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Joan GERNER, respondent, v. SHOP–RITE OF UNIONDALE, INC., et al., appellants.

Decided: March 29, 2017

WILLIAM F. MASTRO, J.P., CHERYL E. CHAMBERS, ROBERT J. MILLER, and JOSEPH J. MALTESE, JJ. Simmons Jannace DeLuca, LLP, Hauppauge, N.Y. (William T. Collins III of counsel), for appellants.

In an action to recover damages for personal injuries, the defendants appeal from so much of an order of the Supreme Court, Nassau County (Palmieri, J.), entered June 12, 2015, as denied their motion for summary judgment dismissing the complaint.

ORDERED that the order is reversed insofar as appealed from, on the law, with costs, and the defendants' motion for summary judgment dismissing the complaint is granted.

The plaintiff was leaving the indoor café area of the defendants' supermarket when she allegedly tripped over the base, or foot, of a decorative fence. A planter had been placed between two of these fences to form part of a barrier separating the café area from the main aisle of the store. Instead of using a wider available path to exit the café area, the plaintiff attempted to reach the main aisle by walking in a narrow space between the decorative fence and the planter. Although the plaintiff had seen the fence before, and she was facing the fence as she walked sideways between the fence and the planter, she did not notice the foot of the fence before she tripped on it.

While a landowner has a duty to maintain its premises in a reasonably safe condition (see Basso v. Miller, 40 N.Y.2d 233, 241–242), “there is no duty to protect or warn against an open and obvious condition which, as a matter of law, is not inherently dangerous” (Nesbitt v. Town of Poughkeepsie, 88 AD3d 774, 774 [internal quotation marks omitted]; see Lew v. Manhasset Pub. Lib., 123 AD3d 1096; Sclafani v. Washington Mut., 36 AD3d 682, 683; Gagliardi v. Walmart Stores, Inc., 52 AD3d 777). “While the issue of whether a hazard is ․ open and obvious is generally fact-specific and thus usually a jury question, a court may determine that a risk was open and obvious as a matter of law when the established facts compel that conclusion, and may do so on the basis of clear and undisputed evidence” (Tagle v. Jakob, 97 N.Y.2d 165, 169 [internal citations omitted]; see Saltz v. Wal–Mart Stores, Inc., 510 Fed Appx 68, 69 [2d Cir]; Gutman v. Todt Hill Plaza, LLC, 81 AD3d 892).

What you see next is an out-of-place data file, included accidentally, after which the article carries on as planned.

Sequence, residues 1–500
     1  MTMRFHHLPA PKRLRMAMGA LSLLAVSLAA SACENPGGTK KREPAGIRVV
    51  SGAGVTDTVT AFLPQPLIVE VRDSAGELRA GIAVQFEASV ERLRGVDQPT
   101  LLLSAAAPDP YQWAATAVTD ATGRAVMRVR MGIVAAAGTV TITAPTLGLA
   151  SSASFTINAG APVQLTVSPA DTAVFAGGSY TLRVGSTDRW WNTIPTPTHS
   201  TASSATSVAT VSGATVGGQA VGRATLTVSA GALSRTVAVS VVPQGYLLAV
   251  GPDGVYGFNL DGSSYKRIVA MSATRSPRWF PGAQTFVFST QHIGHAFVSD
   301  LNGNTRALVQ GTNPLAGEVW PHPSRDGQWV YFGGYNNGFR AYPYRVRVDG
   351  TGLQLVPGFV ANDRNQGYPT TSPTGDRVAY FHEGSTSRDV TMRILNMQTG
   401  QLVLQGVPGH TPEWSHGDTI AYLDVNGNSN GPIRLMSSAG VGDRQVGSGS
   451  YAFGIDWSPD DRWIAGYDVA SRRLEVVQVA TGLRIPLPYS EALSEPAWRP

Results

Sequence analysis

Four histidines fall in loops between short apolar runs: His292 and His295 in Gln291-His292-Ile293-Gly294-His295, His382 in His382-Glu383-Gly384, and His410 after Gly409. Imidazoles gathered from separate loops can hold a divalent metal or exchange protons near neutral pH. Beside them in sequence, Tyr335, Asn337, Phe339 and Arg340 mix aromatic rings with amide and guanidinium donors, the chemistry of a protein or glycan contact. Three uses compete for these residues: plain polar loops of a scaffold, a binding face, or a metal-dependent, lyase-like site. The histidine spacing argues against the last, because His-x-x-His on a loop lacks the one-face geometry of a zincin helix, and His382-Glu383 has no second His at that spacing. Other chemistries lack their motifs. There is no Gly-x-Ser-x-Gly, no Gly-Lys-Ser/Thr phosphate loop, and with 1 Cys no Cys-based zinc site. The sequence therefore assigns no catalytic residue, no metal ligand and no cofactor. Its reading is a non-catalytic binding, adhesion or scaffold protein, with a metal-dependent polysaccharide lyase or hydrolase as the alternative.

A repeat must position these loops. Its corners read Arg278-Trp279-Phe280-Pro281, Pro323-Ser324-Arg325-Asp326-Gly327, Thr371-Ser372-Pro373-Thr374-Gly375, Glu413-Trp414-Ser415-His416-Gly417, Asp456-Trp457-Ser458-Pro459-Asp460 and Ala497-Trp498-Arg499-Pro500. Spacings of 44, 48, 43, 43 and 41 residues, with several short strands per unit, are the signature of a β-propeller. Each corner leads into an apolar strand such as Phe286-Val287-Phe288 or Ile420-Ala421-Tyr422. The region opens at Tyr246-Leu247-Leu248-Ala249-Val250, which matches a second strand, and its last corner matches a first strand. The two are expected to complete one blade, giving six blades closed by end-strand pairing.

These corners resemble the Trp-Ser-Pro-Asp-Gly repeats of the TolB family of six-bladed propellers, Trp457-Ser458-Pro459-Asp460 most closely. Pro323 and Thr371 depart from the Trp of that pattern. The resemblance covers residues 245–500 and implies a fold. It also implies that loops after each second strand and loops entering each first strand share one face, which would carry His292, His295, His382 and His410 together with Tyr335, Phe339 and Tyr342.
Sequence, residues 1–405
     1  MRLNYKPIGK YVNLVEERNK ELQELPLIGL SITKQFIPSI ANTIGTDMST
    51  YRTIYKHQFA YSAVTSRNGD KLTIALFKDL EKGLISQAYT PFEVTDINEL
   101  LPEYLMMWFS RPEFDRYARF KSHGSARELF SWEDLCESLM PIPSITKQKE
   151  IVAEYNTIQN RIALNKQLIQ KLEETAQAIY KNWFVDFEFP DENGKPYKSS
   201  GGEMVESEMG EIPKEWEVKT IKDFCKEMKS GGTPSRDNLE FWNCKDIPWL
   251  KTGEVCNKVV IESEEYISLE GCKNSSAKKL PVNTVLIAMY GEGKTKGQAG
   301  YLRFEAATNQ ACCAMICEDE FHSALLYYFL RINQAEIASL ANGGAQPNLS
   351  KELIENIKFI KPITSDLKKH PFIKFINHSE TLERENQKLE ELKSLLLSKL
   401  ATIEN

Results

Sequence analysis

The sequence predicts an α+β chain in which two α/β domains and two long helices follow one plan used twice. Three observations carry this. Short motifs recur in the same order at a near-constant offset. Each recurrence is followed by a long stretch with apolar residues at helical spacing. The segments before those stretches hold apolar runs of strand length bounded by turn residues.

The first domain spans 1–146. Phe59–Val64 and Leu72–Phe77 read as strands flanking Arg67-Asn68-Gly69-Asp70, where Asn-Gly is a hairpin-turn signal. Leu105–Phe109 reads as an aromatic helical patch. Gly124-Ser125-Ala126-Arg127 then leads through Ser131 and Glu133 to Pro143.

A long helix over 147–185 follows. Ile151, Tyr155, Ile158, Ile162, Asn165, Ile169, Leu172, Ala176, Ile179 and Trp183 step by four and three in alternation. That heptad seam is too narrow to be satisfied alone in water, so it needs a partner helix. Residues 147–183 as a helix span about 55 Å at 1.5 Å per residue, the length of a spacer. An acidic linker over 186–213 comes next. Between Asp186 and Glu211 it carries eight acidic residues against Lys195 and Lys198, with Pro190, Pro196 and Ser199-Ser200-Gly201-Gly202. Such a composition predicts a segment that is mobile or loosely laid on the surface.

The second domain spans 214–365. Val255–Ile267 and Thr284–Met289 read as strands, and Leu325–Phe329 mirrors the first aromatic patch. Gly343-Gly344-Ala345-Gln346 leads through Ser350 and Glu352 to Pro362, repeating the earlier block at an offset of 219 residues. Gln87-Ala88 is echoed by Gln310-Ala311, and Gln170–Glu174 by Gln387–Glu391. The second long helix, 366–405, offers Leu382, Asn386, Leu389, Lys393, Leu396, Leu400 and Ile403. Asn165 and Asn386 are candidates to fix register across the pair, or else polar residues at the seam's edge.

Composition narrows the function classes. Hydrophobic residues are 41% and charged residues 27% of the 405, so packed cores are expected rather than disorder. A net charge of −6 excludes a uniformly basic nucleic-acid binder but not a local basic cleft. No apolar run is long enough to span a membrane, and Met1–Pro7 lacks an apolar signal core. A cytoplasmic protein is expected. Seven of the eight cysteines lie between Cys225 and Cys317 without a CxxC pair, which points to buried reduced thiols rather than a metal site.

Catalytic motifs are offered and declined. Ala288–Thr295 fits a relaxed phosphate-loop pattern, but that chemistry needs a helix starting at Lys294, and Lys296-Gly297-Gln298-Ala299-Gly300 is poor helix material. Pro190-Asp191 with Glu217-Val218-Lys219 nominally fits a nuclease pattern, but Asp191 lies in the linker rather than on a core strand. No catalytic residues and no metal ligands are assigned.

Here, the defendants established, prima facie, that the fence, including the “leg” or foot of the fence, was open and obvious, as it was readily observable by those employing the reasonable use of their senses and, as a matter of law, was not inherently dangerous (see Lew v. Manhasset Pub. Lib., 123 AD3d at 1096; Kaufman v. Lerner, N.Y., Inc., 41 AD3d 660, 661; Sclafani v. Washington Mut ., 36 AD3d 682, 683; Casamassa v. Waldbaum's Inc., 276 A.D.2d 659, 660; see also Connor v. Taylor Rental Ctr., 278 A.D.2d 270).

In opposition, the plaintiff failed to raise a triable issue of fact. Contrary to her contention, she did not raise a triable issue of fact as to whether the foot of the fence constituted a “trap for the unwary” because it was somehow obscured (Atehortua v. Lewin, 90 AD3d 794, 794; cf. Beck v. Bethpage Union Free School Dist., 82 AD3d 1026, 1028). Further, the plaintiff did not raise a triable issue of fact as to whether the foot of the fence was dangerously encroaching into the main aisle or other commonly used walkway (cf. Manicone v. City of New York, 75 AD3d 535, 537).

Accordingly, the Supreme Court should have granted the defendants' motion for summary judgment dismissing the complaint.